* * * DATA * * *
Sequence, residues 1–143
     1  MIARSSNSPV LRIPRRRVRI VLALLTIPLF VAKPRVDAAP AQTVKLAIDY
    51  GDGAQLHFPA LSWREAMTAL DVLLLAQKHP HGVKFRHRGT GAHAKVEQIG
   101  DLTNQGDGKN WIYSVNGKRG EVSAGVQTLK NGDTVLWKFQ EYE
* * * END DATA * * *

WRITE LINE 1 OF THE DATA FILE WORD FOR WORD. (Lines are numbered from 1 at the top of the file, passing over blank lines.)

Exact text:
Sequence, residues 1–143